HomeNewsFTC Approves Final Rule Banning Non-Compete Agreements: What Employers Need to Know

FTC Approves Final Rule Banning Non-Compete Agreements:

What Employers Need to Know

Recently, the Federal Trade Commission (“FTC”) approved a final rule voiding and banning essentially all non-compete agreements entered into between employers and their employees in the United States. Here’s what employers need to know about this significant development. The final rule is scheduled to take effect on September 4, 2024.

Scope of the Ban

The final rule comprehensively bans employers from entering into non-compete agreements with all workers in the United States.

Retroactive Provisions

The final rule contains retroactive provisions that void existing non-compete agreements, except for those with “senior executives.”

Senior Executive Exception

“Senior executives” are defined as workers who earn more than $151,164 annually and are in “policy-making” positions. Only existing non-competes with senior executives are exempt from the voiding provisions of the rule. However, after the final rule becomes effective, employers cannot enter into non-competes with senior executives.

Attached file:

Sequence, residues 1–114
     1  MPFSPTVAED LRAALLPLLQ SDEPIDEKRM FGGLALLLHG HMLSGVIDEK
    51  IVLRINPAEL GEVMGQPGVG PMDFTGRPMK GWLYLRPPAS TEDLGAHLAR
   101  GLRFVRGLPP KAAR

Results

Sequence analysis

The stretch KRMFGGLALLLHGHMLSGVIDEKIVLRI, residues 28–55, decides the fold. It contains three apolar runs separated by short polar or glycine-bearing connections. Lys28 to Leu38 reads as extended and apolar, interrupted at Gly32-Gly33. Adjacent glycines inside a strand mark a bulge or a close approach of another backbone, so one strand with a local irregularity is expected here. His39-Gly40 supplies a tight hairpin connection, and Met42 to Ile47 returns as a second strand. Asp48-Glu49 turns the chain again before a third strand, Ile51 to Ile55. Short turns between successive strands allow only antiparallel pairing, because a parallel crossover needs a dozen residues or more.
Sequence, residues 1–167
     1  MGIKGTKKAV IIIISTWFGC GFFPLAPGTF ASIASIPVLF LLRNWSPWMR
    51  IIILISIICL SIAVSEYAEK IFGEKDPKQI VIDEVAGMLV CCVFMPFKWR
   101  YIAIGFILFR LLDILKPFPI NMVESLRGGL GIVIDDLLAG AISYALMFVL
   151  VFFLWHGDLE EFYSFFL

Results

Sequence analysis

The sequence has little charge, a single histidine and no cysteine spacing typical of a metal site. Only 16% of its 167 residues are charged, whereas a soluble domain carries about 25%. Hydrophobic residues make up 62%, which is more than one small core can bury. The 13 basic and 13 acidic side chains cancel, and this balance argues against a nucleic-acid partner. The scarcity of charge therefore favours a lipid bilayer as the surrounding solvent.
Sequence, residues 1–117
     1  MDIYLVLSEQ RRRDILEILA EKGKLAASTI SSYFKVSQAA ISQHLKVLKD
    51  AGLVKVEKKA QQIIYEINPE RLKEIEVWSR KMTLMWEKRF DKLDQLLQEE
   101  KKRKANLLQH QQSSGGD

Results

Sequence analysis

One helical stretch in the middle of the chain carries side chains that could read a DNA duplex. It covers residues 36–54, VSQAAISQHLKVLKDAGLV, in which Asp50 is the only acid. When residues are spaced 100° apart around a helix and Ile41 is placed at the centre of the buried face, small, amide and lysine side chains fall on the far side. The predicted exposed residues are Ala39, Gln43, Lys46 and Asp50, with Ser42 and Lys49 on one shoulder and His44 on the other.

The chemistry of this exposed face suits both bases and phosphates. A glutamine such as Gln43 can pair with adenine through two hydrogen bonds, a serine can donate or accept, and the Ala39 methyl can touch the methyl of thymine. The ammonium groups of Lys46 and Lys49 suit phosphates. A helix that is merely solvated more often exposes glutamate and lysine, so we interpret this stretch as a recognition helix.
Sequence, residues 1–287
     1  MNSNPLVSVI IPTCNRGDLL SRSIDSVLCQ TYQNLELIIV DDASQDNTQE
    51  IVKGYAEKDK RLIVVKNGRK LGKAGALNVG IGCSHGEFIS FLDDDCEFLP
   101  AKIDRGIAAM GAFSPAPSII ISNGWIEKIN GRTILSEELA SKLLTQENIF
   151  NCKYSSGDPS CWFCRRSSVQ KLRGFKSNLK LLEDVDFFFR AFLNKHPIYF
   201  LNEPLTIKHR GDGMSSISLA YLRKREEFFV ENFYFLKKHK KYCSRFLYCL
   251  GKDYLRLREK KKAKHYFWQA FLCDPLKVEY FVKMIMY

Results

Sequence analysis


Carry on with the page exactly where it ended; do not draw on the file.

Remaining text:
Legal Challenges

Legal challenges are anticipated, with the United States Chamber of Commerce already filing a lawsuit against the FTC. The lawsuit argues that the FTC lacks the legal authority to adopt the final rule and that the rule is unlawful.

What Employers Need to Do:

Costello, Cooney & Fearon, PLLC will continue to monitor the implementation of the final rule and any legal challenges. Employers should be generally aware of the contents of the final rule in the event the rule goes into effect. Should the final rule go into effect, there may be penalties for employers who continue to enforce non-compete agreements or attempt to negotiate non-compete agreements with new employees.


The banning of non-compete agreements would be a major change for employers and employees in the United States. Stay informed about its progress and potential legal challenges. For more information, visit the FTC’s website.

Kelly J. Pare
Kelly J. Pare